Restorative Justice brings those harmed by conflict or crime and those responsible for the harm together. It gives victims the chance to meet or communicate with their offenders to explain the real impact of the crime and it empowers victims by giving them a voice.
This enables effective communication, so everyone affected by a particular incident can play a part in repairing the harm and find the right way forward. It prioritises victim participation and holds offenders to account for what they have done as it helps them to take responsibility and make amends. Government research demonstrates that restorative justice provides an 85% victim satisfaction rate, and a 14% reduction in the frequency of reoffending.
Restorative justice is about victims and offenders communicating within a controlled environment to talk about the harm that has been caused and finding a way to repair that harm.
For offenders, the experience can be incredibly challenging as it confronts them with the personal impact of their crime. For victims, meeting the person who has harmed them can be a huge step in moving forward and recovering from the crime.
Restorative justice conferences, where a victim meets their offender, are led by a facilitator who supports and prepares the people taking part and makes sure that the process is safe. Sometimes, when a face to face meeting is not the best way forward, the facilitator will arrange for the victim and offender to communicate via letters, recorded interviews or video.
For any kind of communication to take place, the offender must have admitted to the crime, and both victim and offender must be willing to participate.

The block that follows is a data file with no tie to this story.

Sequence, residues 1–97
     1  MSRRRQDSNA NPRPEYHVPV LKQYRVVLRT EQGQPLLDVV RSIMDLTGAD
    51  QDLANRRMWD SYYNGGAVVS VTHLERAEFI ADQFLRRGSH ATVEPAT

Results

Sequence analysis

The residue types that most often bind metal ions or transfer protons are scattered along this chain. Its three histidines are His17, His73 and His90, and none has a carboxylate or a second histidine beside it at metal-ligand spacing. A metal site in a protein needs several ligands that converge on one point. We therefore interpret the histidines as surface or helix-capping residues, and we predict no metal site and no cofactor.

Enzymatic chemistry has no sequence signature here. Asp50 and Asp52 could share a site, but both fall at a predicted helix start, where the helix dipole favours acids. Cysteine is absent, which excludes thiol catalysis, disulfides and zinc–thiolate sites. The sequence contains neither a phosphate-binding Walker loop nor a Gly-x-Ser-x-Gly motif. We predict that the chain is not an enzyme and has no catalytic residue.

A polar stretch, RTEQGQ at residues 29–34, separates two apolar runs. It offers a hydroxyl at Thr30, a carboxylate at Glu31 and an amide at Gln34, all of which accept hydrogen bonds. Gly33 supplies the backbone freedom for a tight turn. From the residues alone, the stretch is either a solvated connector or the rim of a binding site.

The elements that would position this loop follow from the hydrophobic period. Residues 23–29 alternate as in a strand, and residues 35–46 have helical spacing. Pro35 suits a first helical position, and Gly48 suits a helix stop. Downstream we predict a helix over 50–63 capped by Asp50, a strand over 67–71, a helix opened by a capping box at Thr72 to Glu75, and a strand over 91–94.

Restorative justice can be used for any type of crime and at any stage of the criminal justice system, including alongside a prison sentence.
Visit https://www.restorativejustice.org.uk/ for more information regarding Restorative Justice.
Whilst providing support to victims of crime the Victim Care Officer will listen to comments made by the victim. If they indicate that there are questions to ask the offender, such as: –
- They would like an explanation from the offender,
- They would like to know why the offence took place,
- They would like reassurance from the offender to satisfy themselves that the crime will not happen again,
- They have any other questions that they would like answering by the offender,
- They would they like an apology from the offender,
- If there is something that they would like to say to the offender
then Restorative Justice may be a consideration
In such circumstances the Victim Care Officer will explain the principles of Restorative Justice and ask if the victim would like a referral to be made to a Restorative Justice Coordinator who will make initial enquiries to establish if the offence has been detected and if a restorative approach would be suitable.
If the victim would like more time to consider this then arrangements can be made to make contact with them at a later date.
The Restorative Justice Coordinator will arrange for the offender to be contacted and an assessment made as to the suitability of the process. Where it is deemed appropriate the Restorative Justice Coordinator will make further contact with the victim and discuss the options available to them. The victim will then decide on the course of action that they would like to take. The Victim Care Officer will provide support to the victim throughout the process if needed.
A short film (see above) has been prepared that contains interviews with three people that were a victim of a crime who have been through a Restorative Justice conference with their offender. It is hoped that the film will provide more information and reassurance to those who are considering the option to go through the Restorative Justice process and will help to make an informed decision.
For further advice on Restorative Justice please contact: –
The Victim Care and Advice Service
Telephone: 0303 040 1099
Durham Restorative Justice Hub
Telephone: 0300 003 1818
Telephone: 03302 234312